Toy and comic book shop opens in Seymour – Seymour Tribune

This section in Lost and Found Toys features items from DC Comics, G.I. Joe, Star Wars and other brands.
Noah Dalton | The Tribune
There is a new shop open for business in downtown Seymour.
Lost and Found Toys, located at 113 W. Second St., opened in October and specializes in selling comic books, toys and collectibles — both new and old — from a variety of popular properties, such as Star Wars, Transformers, G.I. Joe and more.
Natalie Croquart, who founded the business with her husband, Greg, said their passion for collecting started around 10 years ago when the two began going out together to find G.I. Joe toys for their collection.
“It was just kind of our thing that we did. Then about five years into it, we start doing toy shows. And it has just kind of grown from there,” she said. “We’ve just really enjoyed hanging out with local collectors and other collectors and just seeing the passion that they have. It’s really neat.”
A section of Lost and Found Toys features items from Marvel Comics, Star Wars, Austin Powers and more.
Noah Dalton | The Tribune
Various items are on display behind the counter at Lost and Found Toys.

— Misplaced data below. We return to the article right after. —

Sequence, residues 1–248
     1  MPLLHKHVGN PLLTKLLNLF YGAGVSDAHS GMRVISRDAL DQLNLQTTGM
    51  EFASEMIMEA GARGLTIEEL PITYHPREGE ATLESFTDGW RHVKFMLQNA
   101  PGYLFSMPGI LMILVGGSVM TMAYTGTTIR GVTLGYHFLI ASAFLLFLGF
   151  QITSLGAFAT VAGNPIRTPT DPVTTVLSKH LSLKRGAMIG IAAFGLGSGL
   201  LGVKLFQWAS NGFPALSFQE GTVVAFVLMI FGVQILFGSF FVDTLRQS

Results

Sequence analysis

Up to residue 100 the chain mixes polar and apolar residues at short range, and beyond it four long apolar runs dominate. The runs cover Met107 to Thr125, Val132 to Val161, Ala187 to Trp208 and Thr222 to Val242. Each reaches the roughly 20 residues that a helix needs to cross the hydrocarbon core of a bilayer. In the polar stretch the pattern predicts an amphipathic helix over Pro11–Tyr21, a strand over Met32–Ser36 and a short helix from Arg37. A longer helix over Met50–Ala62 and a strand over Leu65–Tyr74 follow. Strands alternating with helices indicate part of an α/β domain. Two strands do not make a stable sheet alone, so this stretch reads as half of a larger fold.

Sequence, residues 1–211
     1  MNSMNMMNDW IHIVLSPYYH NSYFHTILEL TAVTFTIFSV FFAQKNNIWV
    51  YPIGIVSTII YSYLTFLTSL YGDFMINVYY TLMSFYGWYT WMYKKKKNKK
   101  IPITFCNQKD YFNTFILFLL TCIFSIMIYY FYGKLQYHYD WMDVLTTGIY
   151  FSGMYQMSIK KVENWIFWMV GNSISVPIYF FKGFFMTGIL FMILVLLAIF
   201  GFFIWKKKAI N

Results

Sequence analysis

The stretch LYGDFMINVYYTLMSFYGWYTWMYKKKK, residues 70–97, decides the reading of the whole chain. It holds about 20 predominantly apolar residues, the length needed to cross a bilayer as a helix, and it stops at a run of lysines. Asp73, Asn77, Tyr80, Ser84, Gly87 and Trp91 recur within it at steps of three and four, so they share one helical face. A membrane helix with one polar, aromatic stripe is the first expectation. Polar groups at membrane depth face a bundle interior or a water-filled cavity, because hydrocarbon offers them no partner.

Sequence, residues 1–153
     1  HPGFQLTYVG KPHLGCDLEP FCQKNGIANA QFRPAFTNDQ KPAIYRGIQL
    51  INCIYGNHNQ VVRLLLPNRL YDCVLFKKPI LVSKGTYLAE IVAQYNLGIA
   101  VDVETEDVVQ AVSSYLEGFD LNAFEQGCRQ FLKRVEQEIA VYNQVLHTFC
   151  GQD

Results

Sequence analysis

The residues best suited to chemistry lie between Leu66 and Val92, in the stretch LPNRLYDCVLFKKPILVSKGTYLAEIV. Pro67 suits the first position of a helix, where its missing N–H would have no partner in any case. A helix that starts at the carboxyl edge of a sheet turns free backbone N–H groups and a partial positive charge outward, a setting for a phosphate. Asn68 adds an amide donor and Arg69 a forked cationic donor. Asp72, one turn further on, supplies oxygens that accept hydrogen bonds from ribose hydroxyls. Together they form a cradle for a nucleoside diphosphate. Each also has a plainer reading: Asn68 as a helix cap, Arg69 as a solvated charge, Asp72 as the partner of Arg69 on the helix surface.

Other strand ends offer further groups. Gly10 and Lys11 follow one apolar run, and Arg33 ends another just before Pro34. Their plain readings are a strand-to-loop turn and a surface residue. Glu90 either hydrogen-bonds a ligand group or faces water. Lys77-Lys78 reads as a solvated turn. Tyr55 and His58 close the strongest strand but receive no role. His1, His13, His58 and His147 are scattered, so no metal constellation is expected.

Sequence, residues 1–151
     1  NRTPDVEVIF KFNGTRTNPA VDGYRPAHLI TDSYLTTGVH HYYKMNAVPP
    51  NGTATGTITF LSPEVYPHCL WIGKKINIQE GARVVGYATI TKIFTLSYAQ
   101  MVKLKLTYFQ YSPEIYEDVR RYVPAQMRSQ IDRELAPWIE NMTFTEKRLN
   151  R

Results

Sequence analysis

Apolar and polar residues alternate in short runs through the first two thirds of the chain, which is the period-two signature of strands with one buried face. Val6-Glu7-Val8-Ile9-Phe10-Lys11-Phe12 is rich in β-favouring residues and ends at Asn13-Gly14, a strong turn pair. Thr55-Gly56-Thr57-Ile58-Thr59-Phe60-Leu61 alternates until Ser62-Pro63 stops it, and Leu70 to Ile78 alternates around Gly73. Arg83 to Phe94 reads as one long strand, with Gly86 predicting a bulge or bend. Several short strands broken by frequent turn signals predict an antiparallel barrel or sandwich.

Noah Dalton | The Tribune
Vintage WCW action figures of Sting and “Hollywood” Hulk Hogan are available at Lost and Found Toys.
Noah Dalton | The Tribune
The comic book section of Lost and Found Toys.
Noah Dalton | The Tribune
A section in the store dedicated to individual parts and accessories from vintage toys.
Noah Dalton | The Tribune
The Croquart family, from left, Gabe Monroe, Levi Croquart, Peyton Croquart, Greg Croquart, Natalie Croquart, Bryce Monroe and Zacrye Croquart, stands outside Lost and Found Toys.
Noah Dalton | The Tribune
A section in Lost and Found Toys of mostly early 2000s Star Wars figures.
Noah Dalton | The Tribune
Eventually, the couple decided to sell some of the G.I. Joe items they had amassed at a toy show in Louisville, Kentucky. As part of their offerings at the show, they brought many of the small and easy to lose accessories and pieces that accompanied these vintage figures when they were originally sold years ago. They were pieces that had been lost to time and had become quite sought after by many collectors.
Croquart said those accessory pieces sort of became their identity at toy shows, and they became known as a go-to seller for those kind of items, many of which were otherwise difficult to track down.
After finding success selling at these shows, the idea of opening a retail storefront became a goal of theirs but one that was seemingly quite a ways away.
Their original plan was to open the business when the youngest of their five children, Peyton, currently in eighth grade, graduated from high school. Their plan was set in motion nearly six years early, after space that currently serves their business on Second Street became available.
“Everything just kind of fell into place,” she said.